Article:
ARC356: Design History of Landscape Architecture

Daniels Faculty of Architecture, Landscape, and Design
University of Toronto, 2020

Like its allied disciplines in design and visual art, landscape architecture operates in relation to its political and social contexts. However, its concern with culture’s variable, tangled relationship to nature is unique. This course looks at how landscape architecture embodies and challenges our understandings of that relationship.

To develop a working vocabulary for apprehending, describing, and analyzing designed landscapes, this course draws from key projects both near and far. It looks at key moments in landscape architecture from the mid-nineteenth century, to when it emerged as a profession in North America, to the contemporary debates and trends of the present day. This course will frame discussions of specific projects and designers with writings that shaped popular understandings of society’s connection to the environment. It will also foreground analysis of images, primary, and secondary texts to consider how documentation and commentary affect or reflect the design work taking place at a given moment.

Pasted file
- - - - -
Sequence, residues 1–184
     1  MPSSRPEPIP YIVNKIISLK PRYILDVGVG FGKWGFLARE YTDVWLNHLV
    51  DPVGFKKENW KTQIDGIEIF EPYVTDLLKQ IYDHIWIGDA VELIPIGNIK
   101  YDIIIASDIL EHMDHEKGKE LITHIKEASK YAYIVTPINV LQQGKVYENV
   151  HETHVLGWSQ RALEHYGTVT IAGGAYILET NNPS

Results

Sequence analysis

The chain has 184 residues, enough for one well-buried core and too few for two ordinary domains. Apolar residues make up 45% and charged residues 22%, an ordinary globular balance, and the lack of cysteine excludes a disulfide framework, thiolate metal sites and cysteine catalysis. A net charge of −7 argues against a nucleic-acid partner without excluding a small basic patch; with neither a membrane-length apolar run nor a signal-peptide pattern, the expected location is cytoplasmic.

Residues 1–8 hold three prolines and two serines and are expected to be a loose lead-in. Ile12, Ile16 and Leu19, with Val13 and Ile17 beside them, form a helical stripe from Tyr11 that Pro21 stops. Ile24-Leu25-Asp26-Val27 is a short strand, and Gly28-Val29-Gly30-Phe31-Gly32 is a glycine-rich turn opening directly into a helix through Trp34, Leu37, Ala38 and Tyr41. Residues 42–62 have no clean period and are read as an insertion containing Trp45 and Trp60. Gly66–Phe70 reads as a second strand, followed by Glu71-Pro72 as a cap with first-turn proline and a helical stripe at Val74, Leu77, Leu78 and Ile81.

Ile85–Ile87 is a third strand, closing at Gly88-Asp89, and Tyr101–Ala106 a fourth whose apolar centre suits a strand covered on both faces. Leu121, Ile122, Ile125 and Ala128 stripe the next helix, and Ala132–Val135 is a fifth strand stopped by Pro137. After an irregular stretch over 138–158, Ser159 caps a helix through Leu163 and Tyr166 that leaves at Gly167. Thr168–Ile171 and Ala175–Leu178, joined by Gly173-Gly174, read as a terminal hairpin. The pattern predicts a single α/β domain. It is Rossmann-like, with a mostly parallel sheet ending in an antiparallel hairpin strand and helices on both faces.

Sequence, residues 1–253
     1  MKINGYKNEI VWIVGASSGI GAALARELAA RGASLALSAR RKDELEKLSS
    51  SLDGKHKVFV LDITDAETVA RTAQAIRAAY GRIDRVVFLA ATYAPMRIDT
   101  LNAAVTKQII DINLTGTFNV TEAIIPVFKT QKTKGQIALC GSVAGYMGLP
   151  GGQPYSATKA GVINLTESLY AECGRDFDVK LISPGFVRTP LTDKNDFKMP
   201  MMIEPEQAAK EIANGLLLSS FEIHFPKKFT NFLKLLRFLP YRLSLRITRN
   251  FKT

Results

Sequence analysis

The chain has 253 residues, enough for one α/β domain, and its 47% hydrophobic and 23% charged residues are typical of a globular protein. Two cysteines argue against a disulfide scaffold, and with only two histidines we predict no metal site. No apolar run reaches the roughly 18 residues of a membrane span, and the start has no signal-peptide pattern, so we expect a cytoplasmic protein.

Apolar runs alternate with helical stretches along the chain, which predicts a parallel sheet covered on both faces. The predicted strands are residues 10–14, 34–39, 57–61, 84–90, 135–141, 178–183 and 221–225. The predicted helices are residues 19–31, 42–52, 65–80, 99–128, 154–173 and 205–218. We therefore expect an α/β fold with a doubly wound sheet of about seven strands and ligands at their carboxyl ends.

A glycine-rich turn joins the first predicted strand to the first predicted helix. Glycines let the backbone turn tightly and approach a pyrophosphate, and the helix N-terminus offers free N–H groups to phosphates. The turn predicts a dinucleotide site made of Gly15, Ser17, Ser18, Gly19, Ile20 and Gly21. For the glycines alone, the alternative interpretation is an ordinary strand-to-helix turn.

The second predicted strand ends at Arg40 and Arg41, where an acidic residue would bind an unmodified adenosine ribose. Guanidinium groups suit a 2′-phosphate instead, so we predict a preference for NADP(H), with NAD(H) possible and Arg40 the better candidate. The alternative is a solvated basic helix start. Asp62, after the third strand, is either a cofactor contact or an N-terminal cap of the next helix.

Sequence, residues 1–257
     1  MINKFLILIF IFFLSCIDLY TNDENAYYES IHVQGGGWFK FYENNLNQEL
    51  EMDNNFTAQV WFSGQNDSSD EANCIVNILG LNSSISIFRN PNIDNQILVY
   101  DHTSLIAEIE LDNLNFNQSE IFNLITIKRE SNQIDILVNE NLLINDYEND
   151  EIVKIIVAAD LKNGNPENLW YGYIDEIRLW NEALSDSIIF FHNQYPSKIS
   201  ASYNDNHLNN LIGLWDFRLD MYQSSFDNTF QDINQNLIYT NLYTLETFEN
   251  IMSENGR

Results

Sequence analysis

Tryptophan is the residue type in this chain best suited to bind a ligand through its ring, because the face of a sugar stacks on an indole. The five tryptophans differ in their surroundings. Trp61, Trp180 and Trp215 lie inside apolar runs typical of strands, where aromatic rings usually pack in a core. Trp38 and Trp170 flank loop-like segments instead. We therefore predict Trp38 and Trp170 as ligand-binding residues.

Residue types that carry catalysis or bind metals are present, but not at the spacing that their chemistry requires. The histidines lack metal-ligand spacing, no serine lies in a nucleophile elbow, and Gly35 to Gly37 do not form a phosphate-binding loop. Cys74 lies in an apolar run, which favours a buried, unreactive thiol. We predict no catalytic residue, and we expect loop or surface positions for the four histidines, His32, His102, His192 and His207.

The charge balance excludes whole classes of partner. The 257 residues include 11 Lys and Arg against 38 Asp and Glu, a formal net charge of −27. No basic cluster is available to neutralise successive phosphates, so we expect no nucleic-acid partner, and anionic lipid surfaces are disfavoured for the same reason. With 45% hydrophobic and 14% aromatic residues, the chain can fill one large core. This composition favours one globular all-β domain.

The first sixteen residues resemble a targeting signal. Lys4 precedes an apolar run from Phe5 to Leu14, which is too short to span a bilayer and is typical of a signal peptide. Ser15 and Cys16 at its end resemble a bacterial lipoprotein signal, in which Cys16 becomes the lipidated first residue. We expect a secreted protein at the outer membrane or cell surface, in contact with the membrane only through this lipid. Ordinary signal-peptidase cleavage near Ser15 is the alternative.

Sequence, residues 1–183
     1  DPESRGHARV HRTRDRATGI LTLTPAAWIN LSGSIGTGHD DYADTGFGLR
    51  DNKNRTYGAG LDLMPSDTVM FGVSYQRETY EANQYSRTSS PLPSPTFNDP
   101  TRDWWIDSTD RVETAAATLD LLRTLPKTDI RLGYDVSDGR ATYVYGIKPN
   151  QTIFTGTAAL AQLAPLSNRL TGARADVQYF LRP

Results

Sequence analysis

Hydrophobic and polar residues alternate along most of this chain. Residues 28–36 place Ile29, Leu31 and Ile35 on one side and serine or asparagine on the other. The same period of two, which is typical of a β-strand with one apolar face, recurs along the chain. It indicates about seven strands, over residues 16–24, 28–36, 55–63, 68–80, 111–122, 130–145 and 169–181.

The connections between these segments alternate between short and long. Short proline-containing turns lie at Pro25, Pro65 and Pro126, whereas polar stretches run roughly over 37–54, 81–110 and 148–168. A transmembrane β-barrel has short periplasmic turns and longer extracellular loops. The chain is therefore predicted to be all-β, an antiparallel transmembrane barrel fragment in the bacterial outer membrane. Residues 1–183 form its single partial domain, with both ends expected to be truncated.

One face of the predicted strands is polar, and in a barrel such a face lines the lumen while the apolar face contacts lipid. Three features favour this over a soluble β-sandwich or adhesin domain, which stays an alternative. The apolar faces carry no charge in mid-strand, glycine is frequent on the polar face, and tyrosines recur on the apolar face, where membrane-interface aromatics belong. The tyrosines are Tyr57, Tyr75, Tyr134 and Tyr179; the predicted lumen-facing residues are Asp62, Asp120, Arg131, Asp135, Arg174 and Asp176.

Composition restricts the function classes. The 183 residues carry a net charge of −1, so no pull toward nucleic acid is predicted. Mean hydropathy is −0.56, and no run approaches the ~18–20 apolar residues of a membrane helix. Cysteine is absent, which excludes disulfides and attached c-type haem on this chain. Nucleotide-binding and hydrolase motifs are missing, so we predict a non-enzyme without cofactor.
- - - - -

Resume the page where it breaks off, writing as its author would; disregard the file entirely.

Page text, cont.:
1. Niagara Falls, New York, circa 1906. "Mills along the gorge." 8x10 inch dry plate glass negative, Detroit Publishing Company.